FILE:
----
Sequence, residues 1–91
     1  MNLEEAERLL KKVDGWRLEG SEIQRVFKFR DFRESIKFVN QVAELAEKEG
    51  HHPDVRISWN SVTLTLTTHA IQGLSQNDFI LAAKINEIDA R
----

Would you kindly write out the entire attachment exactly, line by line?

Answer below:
Sequence, residues 1–91
     1  MNLEEAERLL KKVDGWRLEG SEIQRVFKFR DFRESIKFVN QVAELAEKEG
    51  HHPDVRISWN SVTLTLTTHA IQGLSQNDFI LAAKINEIDA R